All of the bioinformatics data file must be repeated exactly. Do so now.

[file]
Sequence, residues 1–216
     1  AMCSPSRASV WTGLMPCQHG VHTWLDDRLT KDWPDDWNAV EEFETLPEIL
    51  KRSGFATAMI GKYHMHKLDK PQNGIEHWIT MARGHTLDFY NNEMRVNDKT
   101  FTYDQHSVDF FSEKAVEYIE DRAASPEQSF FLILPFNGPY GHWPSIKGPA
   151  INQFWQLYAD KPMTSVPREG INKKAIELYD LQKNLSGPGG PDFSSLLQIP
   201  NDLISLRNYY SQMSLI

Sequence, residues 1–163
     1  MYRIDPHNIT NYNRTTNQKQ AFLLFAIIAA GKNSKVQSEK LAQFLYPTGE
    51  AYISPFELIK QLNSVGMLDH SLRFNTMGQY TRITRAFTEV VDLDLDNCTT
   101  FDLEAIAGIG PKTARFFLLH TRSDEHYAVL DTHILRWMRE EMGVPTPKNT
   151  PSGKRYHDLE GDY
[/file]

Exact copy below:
Sequence, residues 1–216
     1  AMCSPSRASV WTGLMPCQHG VHTWLDDRLT KDWPDDWNAV EEFETLPEIL
    51  KRSGFATAMI GKYHMHKLDK PQNGIEHWIT MARGHTLDFY NNEMRVNDKT
   101  FTYDQHSVDF FSEKAVEYIE DRAASPEQSF FLILPFNGPY GHWPSIKGPA
   151  INQFWQLYAD KPMTSVPREG INKKAIELYD LQKNLSGPGG PDFSSLLQIP
   201  NDLISLRNYY SQMSLI

Sequence, residues 1–163
     1  MYRIDPHNIT NYNRTTNQKQ AFLLFAIIAA GKNSKVQSEK LAQFLYPTGE
    51  AYISPFELIK QLNSVGMLDH SLRFNTMGQY TRITRAFTEV VDLDLDNCTT
   101  FDLEAIAGIG PKTARFFLLH TRSDEHYAVL DTHILRWMRE EMGVPTPKNT
   151  PSGKRYHDLE GDY